The Forex Week Ahead: March 27th – 31st
The Forex Week Ahead USD aside from the ongoing political turmoil relating to the US Healthcare reform bill key data this week comes in the form of core-PCE inflation for February which is an important release. It has been stuck in a 1.6-1.7% range since the start of last year. Although, Fed Chair Yellen recently stated that she expects core-PCE inflation is “going to move up to 2” percent. It is forecast to have held at 1.7% in February. Stable inflation, combined with signs of earnings growth rising towards 3%, suggest a pick up in real wage growth in the US. This should help to support the key consumer side of the economy. In that regard, personal consumption is forecast to have risen by 0.2% in nominal terms in February, with personal income anticipated to increase by 0.4%. Q4 GDP growth will be subject to the third and ‘final’ estimate in the current round of quarterly revisions. The initial print of 1.9% GDP growth in Q1 was left intact in the first round of revisions. This next round will incorporate more complete services data Fed-speak will continue and will be dominated by regional Presidents including two 2017 voters (Evans twice, Kaplan three times), one alternate FOMC member Williams.
EUR Data-wise, Eurozone flash HICP for March will be closely followed this week, given its importance to ECB policy deliberations. While ‘headline’ inflation has been on an upward trend in recent months, core inflation (ex-food & energy) remains muted. Indeed, the ECB has emphasised that measures of underlying inflation “have remained low and are expected to rise only gradually over the medium term”. Headline inflation is forecast to edge down to 1.8% in March, from 2%, with the data likely impacted by last year’s earlier timing of Easter. Meantime, core inflation is expected to have remained at a subdued 0.9% for a fourth consecutive month. .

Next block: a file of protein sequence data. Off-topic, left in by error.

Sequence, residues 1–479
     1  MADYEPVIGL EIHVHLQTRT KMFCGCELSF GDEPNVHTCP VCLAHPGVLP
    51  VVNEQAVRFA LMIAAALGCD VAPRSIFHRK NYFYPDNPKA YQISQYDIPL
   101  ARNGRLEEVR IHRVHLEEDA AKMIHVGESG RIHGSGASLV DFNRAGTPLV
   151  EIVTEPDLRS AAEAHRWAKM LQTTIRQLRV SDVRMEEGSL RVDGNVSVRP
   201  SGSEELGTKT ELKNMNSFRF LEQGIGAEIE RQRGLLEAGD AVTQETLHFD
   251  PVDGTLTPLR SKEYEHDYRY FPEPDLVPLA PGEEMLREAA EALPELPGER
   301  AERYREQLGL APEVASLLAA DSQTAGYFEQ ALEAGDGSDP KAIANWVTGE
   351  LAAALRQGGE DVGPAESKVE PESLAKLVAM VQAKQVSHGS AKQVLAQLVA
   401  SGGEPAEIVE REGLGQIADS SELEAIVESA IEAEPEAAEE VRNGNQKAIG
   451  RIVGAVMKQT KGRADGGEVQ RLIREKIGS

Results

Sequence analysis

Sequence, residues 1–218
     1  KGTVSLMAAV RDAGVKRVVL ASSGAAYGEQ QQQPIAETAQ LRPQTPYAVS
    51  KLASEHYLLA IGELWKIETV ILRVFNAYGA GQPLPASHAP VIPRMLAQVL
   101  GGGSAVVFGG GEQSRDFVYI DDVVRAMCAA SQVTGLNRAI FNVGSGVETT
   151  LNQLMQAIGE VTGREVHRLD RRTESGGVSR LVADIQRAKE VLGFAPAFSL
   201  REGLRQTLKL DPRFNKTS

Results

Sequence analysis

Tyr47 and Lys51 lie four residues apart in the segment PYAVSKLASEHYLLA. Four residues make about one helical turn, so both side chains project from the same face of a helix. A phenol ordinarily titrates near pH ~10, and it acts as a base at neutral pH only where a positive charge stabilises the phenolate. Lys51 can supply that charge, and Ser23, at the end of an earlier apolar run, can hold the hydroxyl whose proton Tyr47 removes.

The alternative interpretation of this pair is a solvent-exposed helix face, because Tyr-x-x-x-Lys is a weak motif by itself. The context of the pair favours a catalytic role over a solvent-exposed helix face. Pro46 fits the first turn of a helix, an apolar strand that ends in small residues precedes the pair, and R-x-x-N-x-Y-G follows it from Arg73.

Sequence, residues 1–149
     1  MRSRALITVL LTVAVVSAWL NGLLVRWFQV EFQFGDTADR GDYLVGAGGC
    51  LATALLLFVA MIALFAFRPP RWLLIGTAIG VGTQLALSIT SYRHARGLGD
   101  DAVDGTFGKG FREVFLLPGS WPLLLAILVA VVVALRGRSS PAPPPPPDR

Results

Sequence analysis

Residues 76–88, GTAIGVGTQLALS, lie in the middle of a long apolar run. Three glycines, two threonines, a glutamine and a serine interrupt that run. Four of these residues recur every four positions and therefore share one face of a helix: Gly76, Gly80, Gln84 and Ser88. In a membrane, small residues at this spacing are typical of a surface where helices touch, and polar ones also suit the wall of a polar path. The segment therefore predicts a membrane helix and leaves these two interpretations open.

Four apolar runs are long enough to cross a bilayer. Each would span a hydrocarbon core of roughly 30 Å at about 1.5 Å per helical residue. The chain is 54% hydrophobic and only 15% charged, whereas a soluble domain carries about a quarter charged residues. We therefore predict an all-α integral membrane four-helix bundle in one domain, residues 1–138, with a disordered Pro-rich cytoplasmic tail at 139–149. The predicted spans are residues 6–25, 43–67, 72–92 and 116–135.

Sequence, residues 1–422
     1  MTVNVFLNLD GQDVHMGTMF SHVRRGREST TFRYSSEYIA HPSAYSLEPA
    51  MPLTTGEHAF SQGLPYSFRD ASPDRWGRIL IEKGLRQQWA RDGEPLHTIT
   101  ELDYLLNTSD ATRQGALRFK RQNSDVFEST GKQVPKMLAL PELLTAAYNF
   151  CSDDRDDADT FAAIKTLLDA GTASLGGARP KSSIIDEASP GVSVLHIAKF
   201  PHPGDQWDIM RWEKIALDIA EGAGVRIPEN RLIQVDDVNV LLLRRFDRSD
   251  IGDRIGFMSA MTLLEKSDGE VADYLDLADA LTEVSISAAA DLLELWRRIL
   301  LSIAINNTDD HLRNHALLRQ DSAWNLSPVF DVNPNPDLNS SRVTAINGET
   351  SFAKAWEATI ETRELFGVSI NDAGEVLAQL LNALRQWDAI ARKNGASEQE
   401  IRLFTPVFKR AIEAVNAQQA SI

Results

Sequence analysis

GBP The official Brexit process finally gets underway this week, with the triggering of Article 50 by the UK on Wednesday. While the UK’s relationship with the EU will not change until it actually leaves the EU, probably in March 2019, this week’s formal declaration will still likely attract considerable attention. In this regard, note a speech last Wednesday by Michel Barnier, the EU’s Chief Negotiator on Brexit, that got surprisingly little publicity given its content and importance. He went a long way in outlining how the exit talks with the UK are likely to proceed. A number of points came shining through. The EU is very much up for reaching a broad free trade agreement with the UK, but this must be based on “a level playing field” in areas such as the environment, taxation, labour law and consumer rights that avoids “regulatory dumping”. He recognised that this could take time to agree, so there may be a need for transitional arrangements post-Brexit. These cannot amount to a cherry-picking of the Single Market and must be subject to European law. He warned of dire consequences if no deal is done and stated that “the no deal scenario is not our scenario. We want a deal”.
JPY Japan conducts its monthly data dump next week. It will release updates for CPI, retail sales, the jobless rate, household spending, industrial production and housing starts. The more important of the measures will be CPI that is expected to continue to hover slightly above 0% in year-ago headline and core ex-fresh food and energy terms.